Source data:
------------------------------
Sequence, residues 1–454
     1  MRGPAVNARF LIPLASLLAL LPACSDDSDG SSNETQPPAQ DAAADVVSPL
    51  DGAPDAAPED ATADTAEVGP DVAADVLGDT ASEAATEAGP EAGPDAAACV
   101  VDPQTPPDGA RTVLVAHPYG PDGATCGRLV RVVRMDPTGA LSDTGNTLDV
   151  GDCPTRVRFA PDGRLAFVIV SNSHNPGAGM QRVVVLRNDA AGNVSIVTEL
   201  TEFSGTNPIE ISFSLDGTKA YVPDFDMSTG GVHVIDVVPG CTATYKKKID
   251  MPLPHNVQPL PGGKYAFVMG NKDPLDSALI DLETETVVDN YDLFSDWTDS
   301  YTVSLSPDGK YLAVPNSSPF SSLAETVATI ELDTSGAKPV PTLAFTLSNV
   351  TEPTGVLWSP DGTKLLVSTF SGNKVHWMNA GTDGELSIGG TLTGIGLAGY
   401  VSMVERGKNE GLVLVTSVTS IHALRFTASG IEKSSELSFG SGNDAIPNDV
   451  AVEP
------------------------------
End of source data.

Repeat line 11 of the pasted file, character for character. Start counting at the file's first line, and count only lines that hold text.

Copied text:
   451  AVEP